The governments of seven African countries — Botswana, Equatorial Guinea, Kenya, Morocco, Nigeria, Zambia, and Zimbabwe — are using spyware technology, according to a new report by Citizen Lab , an interdisciplinary research unit at the University of Toronto, Canada.
The study has identified at least 25 countries around the world that have deployed surveillance software produced by Circles, a firm affiliated with Israel's NSO Group . The study says Circles claim to only deal with nation-states.
The report, written by Bill Marczak and four others, discovered “a unique signature associated with the hostnames of Check Point firewalls used in Circles deployments, enabling us to identify Circles deployments.” Check Point is a leading American-Israeli cybersecurity firm.
According to the study, Circles’ technology operates by exploiting a common signal flaw in the global mobile phone system to enable call and text snooping as well as tracking of phones.
The snooping technique used by Circles is called Signaling System 7 (SS7), a “protocol suite developed in 1975 for exchanging information and routing phone calls between different wireline telecommunications companies,” the report says. SS7 is currently used in 2G and 3G mobile networks during cross-border billing for roamed calls.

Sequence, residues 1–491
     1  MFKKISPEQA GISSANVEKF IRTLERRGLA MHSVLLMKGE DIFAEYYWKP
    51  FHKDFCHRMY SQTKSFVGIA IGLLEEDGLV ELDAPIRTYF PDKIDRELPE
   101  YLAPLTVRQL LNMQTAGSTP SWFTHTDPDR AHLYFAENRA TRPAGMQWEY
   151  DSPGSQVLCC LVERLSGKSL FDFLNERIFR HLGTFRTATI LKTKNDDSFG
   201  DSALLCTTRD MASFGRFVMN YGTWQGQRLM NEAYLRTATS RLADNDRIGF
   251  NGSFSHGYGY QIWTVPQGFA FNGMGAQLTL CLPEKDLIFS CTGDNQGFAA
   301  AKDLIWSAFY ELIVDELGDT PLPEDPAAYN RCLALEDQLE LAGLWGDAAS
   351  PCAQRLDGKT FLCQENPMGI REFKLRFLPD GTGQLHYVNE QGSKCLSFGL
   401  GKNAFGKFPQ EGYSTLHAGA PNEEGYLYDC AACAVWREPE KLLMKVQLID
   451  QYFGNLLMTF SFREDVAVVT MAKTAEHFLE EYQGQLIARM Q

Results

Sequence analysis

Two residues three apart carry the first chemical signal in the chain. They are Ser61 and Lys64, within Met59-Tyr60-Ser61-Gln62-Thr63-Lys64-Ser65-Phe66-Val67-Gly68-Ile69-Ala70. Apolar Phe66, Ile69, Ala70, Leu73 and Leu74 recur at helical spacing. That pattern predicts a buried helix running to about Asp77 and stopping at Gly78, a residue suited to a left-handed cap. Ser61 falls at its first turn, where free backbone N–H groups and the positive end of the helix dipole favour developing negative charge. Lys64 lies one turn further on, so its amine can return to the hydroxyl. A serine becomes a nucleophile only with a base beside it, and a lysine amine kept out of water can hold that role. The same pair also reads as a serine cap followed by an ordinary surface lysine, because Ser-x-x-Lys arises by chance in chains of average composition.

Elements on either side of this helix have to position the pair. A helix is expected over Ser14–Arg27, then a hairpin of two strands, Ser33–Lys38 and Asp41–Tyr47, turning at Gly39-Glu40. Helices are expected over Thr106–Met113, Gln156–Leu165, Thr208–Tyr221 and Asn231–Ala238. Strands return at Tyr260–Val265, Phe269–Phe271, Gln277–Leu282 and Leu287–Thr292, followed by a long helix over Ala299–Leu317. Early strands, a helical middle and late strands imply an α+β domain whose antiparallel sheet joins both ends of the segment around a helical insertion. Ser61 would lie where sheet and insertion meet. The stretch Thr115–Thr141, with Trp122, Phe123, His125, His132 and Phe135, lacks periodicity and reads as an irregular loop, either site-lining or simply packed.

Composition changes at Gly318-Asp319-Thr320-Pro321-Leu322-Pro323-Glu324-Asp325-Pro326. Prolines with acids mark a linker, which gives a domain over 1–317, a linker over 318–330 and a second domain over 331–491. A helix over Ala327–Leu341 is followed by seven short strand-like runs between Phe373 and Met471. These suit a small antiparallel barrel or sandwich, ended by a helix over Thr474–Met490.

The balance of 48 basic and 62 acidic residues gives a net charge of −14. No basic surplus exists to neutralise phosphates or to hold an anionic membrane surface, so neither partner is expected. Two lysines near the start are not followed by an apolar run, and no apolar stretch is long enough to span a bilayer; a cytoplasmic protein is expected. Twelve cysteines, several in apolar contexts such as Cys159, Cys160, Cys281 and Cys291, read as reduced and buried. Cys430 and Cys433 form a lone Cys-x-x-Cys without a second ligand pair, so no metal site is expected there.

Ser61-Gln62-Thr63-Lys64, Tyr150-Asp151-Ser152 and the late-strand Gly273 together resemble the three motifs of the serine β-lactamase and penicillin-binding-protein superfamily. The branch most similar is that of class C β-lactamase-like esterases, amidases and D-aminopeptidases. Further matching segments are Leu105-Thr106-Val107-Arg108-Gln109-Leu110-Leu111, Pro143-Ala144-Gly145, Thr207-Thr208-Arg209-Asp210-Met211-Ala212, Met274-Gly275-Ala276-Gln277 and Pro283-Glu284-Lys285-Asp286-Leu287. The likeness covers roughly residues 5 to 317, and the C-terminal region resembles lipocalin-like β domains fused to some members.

Thomas Brewster, a cybersecurity analyst at Forbes who reported on the Citizen Lab study, further explains that  when one travels to another country, “the SS7 network is used to move your phone over to a partner telecoms provider and adjust billing accordingly.” However, a twist occurs in this normal process if “a surveillance vendor” is able to access the SS7 networks, “either via hacking or acquiring it.” The SS7 then sends “commands to a subscriber’s ‘home network’ falsely indicating the subscriber is roaming. That will, in turn, reveal their location, though only the coordinates of the cell tower closest to the phone,” says Brewster.
Circle's clients in Africa identified by Citizen Lab are the following: Botswana’s Directorate of Intelligence and Security Service (DISS), Morocco’s Ministry of Interior, Nigeria’s Defence Intelligence Agency (DIA), and an unknown agency in Zambia.